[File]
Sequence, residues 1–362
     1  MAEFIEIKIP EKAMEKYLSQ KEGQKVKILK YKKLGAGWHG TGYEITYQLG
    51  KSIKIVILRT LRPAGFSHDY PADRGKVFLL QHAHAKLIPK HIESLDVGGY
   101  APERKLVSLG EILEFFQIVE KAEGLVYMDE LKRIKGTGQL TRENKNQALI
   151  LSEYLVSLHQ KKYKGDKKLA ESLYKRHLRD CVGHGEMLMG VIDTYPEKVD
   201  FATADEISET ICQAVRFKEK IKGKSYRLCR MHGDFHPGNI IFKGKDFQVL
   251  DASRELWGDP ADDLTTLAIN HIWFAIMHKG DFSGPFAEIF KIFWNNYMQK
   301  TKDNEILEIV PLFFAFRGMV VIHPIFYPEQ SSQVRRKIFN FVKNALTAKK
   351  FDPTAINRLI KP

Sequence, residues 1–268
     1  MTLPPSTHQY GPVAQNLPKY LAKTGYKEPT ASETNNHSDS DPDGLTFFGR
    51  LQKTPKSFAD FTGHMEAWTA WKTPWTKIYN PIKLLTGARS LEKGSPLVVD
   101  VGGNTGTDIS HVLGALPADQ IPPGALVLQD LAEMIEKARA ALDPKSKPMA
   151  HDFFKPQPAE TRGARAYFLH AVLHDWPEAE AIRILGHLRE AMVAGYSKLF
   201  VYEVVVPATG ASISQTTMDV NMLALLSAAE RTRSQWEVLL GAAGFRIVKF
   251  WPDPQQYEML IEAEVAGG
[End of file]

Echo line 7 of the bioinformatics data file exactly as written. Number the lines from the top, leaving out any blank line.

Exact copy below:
   251  DASRELWGDP ADDLTTLAIN HIWFAIMHKG DFSGPFAEIF KIFWNNYMQK